As professors, we spend our days sharing knowledge on topics of which we are experts. We go home and – when the marking’s done – read the books we like, do the hobbies we enjoy, and play the sports at which we most excel. For the most part, many of us – despite life’s surprises – dwell in our comfort zones. This past semester, I decided to change that.
I enrolled in a college math class. Now, I have not done formative math since Grade 10. That’s more than a couple of decades ago. My math since then has by and large consisted of counting change, doing my taxes, and figuring out how to weight my assignments for eGrades. And, I’m embarrassed to say that these don’t come easily to me.
I enrolled in a math class because I have an 8-year old, and I want to be able to help him with his homework. To my surprise, it turned out to be the best professional development I’ve ever done.
I wasn’t a great student. I forgot my pencil case one time. Another time, I showed up without any paper to write on. I answered text messages and scanned Facebook during the lulls in class… only to realize I missed the next set of instructions. During the end of the semester busyness, I even missed a class, then showed up the next time to a test I was entirely unprepared to take.
When was the last time your palms sweat with pre-test nerves? When was the last time you had to silence the voices in your head berating you for not reviewing your notes? When was the last time you felt too embarrassed to raise your hand and ask a question because it seemed like everybody else understood? When was the last time you felt stupid?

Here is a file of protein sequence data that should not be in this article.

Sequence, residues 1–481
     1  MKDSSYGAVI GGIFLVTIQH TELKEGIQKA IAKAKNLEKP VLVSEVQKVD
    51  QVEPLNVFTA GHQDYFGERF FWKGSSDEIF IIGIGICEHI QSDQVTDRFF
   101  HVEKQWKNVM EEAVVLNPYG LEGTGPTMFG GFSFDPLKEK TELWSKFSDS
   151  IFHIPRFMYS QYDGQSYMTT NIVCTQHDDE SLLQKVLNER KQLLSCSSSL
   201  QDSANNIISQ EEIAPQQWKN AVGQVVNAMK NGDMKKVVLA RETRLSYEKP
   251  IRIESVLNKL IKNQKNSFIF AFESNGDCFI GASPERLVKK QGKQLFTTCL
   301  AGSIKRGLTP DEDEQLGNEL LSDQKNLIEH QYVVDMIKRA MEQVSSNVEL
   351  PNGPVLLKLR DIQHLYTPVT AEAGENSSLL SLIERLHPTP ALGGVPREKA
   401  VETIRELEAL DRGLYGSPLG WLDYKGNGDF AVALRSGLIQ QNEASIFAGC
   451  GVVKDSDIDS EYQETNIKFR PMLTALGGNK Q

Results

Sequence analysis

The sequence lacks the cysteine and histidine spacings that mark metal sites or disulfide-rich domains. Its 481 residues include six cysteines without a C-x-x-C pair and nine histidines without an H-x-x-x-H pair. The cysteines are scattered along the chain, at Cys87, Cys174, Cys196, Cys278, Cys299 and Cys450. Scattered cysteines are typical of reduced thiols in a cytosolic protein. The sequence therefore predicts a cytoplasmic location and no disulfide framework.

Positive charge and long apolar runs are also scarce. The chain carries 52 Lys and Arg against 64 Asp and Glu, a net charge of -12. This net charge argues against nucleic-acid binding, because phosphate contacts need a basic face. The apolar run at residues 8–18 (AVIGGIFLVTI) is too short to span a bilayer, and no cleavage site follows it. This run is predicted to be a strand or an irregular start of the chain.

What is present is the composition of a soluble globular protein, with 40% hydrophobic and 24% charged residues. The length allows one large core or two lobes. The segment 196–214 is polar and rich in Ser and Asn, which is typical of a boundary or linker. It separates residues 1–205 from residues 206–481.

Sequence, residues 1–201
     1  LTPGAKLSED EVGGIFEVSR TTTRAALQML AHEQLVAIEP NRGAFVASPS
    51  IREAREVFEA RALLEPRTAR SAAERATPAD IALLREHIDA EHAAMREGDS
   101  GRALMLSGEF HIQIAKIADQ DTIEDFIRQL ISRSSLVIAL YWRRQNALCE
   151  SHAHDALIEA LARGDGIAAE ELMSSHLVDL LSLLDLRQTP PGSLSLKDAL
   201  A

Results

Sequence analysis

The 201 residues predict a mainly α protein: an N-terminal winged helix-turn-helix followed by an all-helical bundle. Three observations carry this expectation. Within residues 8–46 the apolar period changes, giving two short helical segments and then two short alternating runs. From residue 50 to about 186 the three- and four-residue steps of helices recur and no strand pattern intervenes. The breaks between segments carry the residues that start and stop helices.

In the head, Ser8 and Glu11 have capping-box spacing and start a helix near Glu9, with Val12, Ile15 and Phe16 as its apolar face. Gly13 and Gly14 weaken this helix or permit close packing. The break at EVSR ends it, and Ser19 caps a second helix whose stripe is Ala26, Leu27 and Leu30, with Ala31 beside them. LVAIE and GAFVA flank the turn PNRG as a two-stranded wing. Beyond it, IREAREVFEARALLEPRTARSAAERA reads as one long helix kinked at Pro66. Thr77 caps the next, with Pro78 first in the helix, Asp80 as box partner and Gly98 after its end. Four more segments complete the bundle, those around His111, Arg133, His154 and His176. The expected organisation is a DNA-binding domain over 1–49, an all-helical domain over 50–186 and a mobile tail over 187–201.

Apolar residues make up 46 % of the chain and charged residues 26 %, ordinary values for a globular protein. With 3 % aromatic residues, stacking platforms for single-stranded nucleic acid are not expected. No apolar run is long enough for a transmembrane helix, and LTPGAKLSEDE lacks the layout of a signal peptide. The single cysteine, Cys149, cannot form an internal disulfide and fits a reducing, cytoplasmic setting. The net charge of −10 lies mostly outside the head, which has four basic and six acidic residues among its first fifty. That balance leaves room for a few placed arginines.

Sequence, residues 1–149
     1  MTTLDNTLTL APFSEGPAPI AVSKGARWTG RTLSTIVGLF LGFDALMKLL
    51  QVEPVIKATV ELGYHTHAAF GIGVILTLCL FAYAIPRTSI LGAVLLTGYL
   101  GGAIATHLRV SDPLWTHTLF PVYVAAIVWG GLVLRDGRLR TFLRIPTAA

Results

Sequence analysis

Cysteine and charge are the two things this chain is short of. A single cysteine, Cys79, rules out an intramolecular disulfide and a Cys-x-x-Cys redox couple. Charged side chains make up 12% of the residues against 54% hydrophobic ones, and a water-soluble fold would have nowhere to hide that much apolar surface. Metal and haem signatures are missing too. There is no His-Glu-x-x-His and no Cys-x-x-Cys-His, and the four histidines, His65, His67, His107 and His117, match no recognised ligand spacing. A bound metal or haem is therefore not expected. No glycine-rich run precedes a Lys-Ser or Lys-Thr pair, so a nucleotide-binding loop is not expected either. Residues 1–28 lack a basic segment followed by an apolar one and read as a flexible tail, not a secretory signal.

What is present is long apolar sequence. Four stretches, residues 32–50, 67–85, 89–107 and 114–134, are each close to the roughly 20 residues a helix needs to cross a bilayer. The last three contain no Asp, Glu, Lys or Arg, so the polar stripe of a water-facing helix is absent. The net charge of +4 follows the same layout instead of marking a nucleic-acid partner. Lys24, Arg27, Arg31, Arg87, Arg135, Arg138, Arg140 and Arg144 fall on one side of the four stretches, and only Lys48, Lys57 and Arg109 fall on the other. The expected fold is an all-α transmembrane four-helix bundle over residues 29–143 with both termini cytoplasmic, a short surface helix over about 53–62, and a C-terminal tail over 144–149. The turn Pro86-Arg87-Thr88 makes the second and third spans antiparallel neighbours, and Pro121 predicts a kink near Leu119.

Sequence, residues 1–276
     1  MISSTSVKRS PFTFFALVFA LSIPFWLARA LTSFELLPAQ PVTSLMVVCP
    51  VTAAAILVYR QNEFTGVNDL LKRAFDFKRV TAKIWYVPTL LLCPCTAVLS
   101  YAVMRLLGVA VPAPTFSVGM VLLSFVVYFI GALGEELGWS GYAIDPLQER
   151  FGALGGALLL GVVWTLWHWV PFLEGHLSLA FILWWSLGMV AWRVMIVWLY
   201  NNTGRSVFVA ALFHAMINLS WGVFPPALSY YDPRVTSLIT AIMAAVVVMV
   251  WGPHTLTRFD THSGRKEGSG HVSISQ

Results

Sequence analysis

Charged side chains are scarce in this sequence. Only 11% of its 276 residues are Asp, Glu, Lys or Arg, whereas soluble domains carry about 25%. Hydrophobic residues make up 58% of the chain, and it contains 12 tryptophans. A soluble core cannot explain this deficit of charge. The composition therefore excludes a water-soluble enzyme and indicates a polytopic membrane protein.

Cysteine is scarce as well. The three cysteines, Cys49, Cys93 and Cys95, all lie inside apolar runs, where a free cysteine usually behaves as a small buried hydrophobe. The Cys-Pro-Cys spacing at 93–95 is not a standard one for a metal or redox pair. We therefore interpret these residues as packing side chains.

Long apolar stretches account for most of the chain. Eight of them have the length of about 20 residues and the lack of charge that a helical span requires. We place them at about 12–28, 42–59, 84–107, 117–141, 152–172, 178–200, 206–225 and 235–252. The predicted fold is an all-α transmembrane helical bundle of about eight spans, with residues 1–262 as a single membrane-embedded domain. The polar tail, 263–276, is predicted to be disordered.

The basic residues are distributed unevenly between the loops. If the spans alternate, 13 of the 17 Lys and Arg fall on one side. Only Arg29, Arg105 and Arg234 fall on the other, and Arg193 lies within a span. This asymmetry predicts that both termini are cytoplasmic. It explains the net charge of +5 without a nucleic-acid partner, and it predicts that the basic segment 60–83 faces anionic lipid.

The day of that test, that’s how I felt. It was an excellent exercise in empathy.
That’s how so many of our students feel in our classes. There is so much noise in the classroom. There is the noise of thinking about the test in the class after ours, the work shift that night, and the paper due the next morning. There is the noise of relationship issues and the friend sitting beside them who won’t shut up. Then, there’s the noise of all that negative self-talk.
When I asked Diane Berzins if I could audit her class, she told me I’d likely be bored because the content would be too easy for me. It turns out it was not too easy for me. But, she was kind, patient, and without judgment when she walked us through the content. And ultimately, I did walk away from her class feeling empowered.
It turns out that I am not “bad at math.” I just didn’t know – or didn’t remember – the steps.
My classroom sounds nothing like Diane’s. It’s full of multimedia and gamification. I am loud and theatrical. But, we both strive towards the same goal of helping our students internalize the knowledge we share with them.
It’s just good to remember that there is much more noise in that room than just the teaching and learning.